• Sarah King in the mountainsSarah King remembers seeing people experiencing homelessness on the streets of Salt Lake City where she grew up and recalls thinking it didn’t seem fair.

    Years later, while obtaining her master’s degree in social work, leading wilderness therapy with at-risk youth, interning with the non-profit Fort Collins Community Action Network, and working as a social-emotional learning specialist at Monroe, Lincoln, and Edmondson elementary schools, the injustice of homelessness stuck with her.

    “Metaphorically, we’re always looking down at them” Sarah says. “Housing is a human right, and should be treated as such.”

    As the McKinney-Vento Homeless Liaison for Thompson School District, Sarah’s job is to help students who are experiencing homelessness overcome the obstacles that might be hindering their educational success. But as Sarah explains, being “homeless” does not necessarily mean a family doesn’t have any shelter at all. In addition to families living outdoors, in cars, or in temporary shelters such as tents or campers, a student is also protected by McKinney-Vento if they live in other temporary situations, such as a hotel or motel, if they live with another family, or if they are an unaccompanied youth living without a legal guardian or parent. Sarah said that in schools, homelessness is defined as any student lacking a fixed and/or adequate place to live.

    The McKinney-Vento Homeless Assistance Act is federal legislation signed into law by President Ronald Reagan in 1987. It is considered to be the first significant law to address the plight of the homeless in the United States, and over the years it has been amended several times, perhaps most notably to protect children in our schools experiencing homelessness. That’s where people like Sarah come in.

    Sarah sitting at her desk“My job is to make sure that kid gets the same rights as all of the other kids,” Sarah says, explaining that she works to assist students with unstable living situations with things like waiving educational fees, providing transportation to and from school, and helping to ensure the continuity of their education. In TSD, we currently have almost 700 students from 400 families who are identified as McKinney-Vento.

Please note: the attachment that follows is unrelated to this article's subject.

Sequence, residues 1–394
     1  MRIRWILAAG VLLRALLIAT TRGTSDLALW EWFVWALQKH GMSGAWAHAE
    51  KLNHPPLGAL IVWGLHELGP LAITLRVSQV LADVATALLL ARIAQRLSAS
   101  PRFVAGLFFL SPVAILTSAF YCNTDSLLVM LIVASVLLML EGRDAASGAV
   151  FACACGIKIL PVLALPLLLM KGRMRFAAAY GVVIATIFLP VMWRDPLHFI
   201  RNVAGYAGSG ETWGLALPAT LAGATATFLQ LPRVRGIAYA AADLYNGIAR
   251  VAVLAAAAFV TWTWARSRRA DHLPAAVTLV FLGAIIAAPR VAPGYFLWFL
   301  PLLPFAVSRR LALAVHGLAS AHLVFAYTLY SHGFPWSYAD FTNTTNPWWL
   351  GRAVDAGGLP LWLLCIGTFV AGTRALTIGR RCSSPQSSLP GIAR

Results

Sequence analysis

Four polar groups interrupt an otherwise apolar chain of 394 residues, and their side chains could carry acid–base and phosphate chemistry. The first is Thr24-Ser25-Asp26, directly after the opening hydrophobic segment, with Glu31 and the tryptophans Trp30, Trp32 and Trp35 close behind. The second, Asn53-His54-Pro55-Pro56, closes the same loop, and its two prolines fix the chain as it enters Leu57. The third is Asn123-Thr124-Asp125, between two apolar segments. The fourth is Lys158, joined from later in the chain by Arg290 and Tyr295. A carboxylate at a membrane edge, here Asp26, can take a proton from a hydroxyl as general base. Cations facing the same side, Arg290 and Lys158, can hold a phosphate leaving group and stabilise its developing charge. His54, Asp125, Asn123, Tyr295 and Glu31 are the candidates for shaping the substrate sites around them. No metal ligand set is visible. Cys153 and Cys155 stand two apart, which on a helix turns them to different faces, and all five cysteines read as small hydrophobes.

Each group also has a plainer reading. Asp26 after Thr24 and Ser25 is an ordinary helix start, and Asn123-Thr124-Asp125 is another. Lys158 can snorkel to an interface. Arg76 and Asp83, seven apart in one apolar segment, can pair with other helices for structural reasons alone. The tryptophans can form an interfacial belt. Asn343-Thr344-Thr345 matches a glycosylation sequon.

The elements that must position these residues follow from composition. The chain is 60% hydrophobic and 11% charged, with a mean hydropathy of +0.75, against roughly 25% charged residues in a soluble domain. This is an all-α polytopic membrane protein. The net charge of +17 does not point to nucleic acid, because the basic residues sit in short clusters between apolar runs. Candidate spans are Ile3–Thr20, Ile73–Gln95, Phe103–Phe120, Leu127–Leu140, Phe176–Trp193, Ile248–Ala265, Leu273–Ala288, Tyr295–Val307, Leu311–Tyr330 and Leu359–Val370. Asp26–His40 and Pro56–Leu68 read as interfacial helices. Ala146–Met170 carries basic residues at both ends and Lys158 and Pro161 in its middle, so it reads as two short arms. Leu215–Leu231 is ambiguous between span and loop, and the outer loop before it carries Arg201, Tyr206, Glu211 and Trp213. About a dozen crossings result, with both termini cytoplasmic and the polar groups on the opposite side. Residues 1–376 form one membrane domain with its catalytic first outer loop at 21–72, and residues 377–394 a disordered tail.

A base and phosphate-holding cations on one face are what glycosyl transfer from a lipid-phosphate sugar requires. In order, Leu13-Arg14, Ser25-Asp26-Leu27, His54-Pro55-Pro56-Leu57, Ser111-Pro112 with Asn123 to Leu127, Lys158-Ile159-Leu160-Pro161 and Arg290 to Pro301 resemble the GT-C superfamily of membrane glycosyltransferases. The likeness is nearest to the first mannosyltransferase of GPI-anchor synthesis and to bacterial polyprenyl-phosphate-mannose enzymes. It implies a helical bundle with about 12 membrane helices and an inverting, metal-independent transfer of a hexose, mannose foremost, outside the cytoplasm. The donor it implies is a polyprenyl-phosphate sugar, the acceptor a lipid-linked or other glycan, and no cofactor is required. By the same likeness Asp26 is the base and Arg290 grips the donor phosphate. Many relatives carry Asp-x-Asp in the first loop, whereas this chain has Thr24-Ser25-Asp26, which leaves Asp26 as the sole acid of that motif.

Sarah explains how that lack of a permanent residence affects a student’s schooling and ability to learn. “Any kid lacking a fixed home also lacks stability,” Sarah says, explaining that as these students move around from place to place, their ability to get a consistent, quality education, as well as to make close friends and benefit from relationships with their teachers is impacted.

    Sarah King Old Town water fountainIf you ask Sarah about the things she enjoys doing, she will tell you she has many interests: hiking, camping, skiing, live music, hanging out with her cat Albus, and listening to true crime podcasts. She also loves spicy food and maps. But when it comes to her career, her passion is focused on helping, and she especially loves tangible projects such as the non-freezing water fountain she helped get installed in Old Town in Fort Collins – something Sarah explained makes it so people without homes can have water year-round.

    “There is so much criminalization and trauma involved in homelessness. Sometimes in America, we’re not the most preventative, and prevention starts with helping these kids,” Sarah says. “Our job is to help make sure we fill basic needs first. Federally, it is our job, but also, we see these kids more than anyone does. How could this NOT be our job? If education is our number one priority, how can this not be a part of it?”